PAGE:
Abijah Thomas House

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Abijah Thomas House
Octagon12 8 07.jpg
Picture taken on 12/7/07
Abijah Thomas House is located in Virginia
Abijah Thomas House
Abijah Thomas House is located in the United States
Abijah Thomas House
Nearest citySW of Marion on VA 657, Marion, Virginia
Coordinates36°46′27″N 81°34′13″W / 36.77417°N 81.57028°W / 36.77417; -81.57028Coordinates: 36°46′27″N 81°34′13″W / 36.77417°N 81.57028°W / 36.77417; -81.57028
ArchitectThomas, Abijah
Architectural styleOctagon Mode
NRHP reference #80004225 [1]
VLR #086-0004
Significant dates
Added to NRHPNovember 28, 1980
Designated VLRSeptember 16, 1980[2]

The Abijah Thomas House is an historic octagon house located southwest of Marion, Virginia, United States, on VA 657. Built in 1856, it was added to the National Register of Historic Places on November 28, 1980.


The Abijah Thomas House is an octagon house, which is part of the trend of octagon architecture of 1850s America.[3] The building consists of seventeen rooms, ten closets, and a storage room. The exterior walls are made of brick, which were made by slaves on the property.[4] Interior design wise, the house features a rare example of painted ashlar upon plaster wall. Other interior touches include graining, marbleizing and stenciling.[3]


The house was completed in 1857,[5] for Abijah Thomas of Smyth County,[3] who was a property[3] and slave owner, and the owner of a textile plant.[5] The house and the property around it consisted of 400 acres, and was assessed at being worth $5,000 in 1857.[5]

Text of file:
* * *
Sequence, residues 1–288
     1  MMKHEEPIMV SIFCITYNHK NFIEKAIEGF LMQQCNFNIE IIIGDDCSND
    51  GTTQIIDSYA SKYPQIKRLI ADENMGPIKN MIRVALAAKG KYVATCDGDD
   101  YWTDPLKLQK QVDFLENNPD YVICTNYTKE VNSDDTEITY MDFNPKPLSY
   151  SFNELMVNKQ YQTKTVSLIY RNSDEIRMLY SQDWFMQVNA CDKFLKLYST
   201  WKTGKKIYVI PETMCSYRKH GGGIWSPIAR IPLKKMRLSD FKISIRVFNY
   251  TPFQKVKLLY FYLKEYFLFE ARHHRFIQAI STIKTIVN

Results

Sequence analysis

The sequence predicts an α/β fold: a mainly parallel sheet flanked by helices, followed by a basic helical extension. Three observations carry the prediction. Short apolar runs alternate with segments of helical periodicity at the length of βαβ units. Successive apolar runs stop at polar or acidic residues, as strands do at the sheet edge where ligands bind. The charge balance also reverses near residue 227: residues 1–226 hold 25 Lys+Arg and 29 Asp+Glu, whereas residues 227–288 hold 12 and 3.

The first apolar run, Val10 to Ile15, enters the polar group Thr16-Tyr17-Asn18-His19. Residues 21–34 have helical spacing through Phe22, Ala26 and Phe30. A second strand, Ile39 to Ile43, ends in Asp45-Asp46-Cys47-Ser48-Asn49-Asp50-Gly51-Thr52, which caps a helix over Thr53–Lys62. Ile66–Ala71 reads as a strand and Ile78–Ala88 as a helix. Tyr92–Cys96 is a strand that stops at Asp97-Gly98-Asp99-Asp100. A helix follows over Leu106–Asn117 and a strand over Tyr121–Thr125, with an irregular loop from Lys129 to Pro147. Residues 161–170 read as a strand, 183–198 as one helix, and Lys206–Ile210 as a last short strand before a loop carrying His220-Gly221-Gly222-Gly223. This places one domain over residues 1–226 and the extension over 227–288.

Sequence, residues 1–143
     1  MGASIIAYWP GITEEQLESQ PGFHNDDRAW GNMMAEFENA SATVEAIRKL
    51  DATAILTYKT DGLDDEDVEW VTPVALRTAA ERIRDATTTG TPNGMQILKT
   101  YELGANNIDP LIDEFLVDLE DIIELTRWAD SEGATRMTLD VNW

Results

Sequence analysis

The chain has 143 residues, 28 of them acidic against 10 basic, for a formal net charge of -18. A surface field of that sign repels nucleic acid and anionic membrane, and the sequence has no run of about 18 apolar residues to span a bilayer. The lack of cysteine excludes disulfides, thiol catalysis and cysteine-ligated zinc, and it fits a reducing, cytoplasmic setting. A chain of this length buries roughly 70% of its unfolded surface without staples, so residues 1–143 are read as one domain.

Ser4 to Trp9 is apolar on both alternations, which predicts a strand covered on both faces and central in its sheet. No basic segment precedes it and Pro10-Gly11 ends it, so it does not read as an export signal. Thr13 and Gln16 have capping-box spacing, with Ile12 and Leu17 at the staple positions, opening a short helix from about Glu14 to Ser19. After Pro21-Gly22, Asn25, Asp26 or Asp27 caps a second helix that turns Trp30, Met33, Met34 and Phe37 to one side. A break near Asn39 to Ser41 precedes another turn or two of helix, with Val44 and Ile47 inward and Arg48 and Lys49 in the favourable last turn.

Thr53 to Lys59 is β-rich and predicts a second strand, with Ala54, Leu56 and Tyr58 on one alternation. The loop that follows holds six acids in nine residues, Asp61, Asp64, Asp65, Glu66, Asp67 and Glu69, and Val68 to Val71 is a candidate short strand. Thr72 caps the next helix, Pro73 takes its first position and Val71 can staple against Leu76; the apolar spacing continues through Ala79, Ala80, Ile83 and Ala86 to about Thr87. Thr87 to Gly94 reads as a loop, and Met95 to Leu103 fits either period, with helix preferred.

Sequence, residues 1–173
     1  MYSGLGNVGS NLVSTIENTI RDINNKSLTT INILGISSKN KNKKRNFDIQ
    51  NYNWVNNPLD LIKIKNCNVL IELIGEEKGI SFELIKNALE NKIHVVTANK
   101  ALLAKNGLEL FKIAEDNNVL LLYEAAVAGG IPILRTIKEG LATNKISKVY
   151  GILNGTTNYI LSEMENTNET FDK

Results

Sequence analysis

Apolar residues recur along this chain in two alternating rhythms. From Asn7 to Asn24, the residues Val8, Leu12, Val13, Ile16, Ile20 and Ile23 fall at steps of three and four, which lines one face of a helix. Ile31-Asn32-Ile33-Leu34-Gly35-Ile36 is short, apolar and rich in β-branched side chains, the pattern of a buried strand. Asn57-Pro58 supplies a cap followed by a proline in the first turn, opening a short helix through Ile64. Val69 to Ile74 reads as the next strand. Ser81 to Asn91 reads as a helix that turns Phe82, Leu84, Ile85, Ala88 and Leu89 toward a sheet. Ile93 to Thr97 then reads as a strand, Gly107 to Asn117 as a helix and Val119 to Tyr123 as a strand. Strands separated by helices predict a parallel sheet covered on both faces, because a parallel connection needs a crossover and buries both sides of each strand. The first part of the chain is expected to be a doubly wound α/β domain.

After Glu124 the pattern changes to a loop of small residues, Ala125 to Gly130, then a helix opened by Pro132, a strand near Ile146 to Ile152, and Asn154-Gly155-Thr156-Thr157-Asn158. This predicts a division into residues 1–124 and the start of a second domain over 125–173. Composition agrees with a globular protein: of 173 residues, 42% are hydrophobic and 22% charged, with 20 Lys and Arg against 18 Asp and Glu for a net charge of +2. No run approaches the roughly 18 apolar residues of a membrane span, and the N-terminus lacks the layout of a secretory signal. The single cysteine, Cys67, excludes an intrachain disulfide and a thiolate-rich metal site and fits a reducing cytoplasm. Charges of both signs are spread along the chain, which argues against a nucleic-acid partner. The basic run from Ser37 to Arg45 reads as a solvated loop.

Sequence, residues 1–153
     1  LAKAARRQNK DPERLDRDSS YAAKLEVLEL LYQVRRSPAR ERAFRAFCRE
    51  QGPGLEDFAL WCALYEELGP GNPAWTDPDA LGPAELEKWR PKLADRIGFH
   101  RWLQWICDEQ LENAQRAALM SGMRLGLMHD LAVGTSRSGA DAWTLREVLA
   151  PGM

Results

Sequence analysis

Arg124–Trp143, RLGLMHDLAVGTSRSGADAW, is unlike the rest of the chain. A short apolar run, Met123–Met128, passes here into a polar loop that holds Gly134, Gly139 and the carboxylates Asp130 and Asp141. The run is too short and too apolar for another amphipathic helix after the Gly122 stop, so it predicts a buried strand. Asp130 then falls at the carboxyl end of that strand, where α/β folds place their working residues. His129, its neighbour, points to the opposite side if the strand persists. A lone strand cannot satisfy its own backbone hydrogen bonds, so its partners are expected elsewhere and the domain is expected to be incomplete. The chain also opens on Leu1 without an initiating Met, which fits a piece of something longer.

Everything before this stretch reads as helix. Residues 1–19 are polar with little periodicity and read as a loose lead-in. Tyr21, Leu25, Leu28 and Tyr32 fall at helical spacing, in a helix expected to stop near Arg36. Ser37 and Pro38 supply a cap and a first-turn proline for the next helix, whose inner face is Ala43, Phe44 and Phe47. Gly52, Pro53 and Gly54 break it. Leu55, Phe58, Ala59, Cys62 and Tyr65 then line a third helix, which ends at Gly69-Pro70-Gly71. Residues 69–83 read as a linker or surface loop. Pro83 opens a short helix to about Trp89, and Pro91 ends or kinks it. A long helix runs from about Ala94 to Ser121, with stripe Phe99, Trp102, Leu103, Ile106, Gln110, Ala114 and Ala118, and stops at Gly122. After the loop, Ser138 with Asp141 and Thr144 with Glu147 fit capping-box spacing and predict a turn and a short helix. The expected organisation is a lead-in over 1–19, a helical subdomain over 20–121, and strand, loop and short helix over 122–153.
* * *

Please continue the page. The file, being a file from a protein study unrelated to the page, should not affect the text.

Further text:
The house sat abandoned for many years and is currently owned by a local resident who seeks to renovate it back to its historical style. Ghosts have been reported as being seen on site, specifically in the home's storage room, called the "dark room," by locals.[4] Reports have claimed the appearance of abused slaves, including the sound of shackles moving and blood dripping down interior walls.[5] Despite local beliefs that slaves were abused within the "dark room," historian Mark Sturgill believes that stains on the floorboards of the storage room were caused by food spills from canned jars kept in the room, not from blood stains.[4]


Further reading[edit]

  • Sturgill, Mack Howard (1990); Abijah Thomas & His Octagonal House, Published by M.H.Sturgill


  1. ^ National Park Service (2008-04-15). "National Register Information System". National Register of Historic Places. National Park Service.
  2. ^ "Virginia Landmarks Register". Virginia Department of Historic Resources. Archived from the original on 2013-09-21. Retrieved 5 June 2013.
  3. ^ a b c d Virginia. Dept. of Historic Resources (1 January 2000). The Virginia Landmarks Register. University of Virginia Press. p. 493. ISBN 978-0-8139-1862-4. Retrieved 15 April 2012.
  4. ^ a b c Kimberly Barr Byrd; Debra J. Williams (13 April 2005). Smyth County. Arcadia Publishing. p. 49. ISBN 978-0-7385-1756-8. Retrieved 15 April 2012.
  5. ^ a b c d Jeff Bahr; Troy Taylor; Loren Coleman; Mark Sceurman; Mark Moran (1 June 2007). Weird Virginia. Sterling Publishing Company, Inc. p. 60. ISBN 978-1-4027-3942-2. Retrieved 15 April 2012.

External links[edit]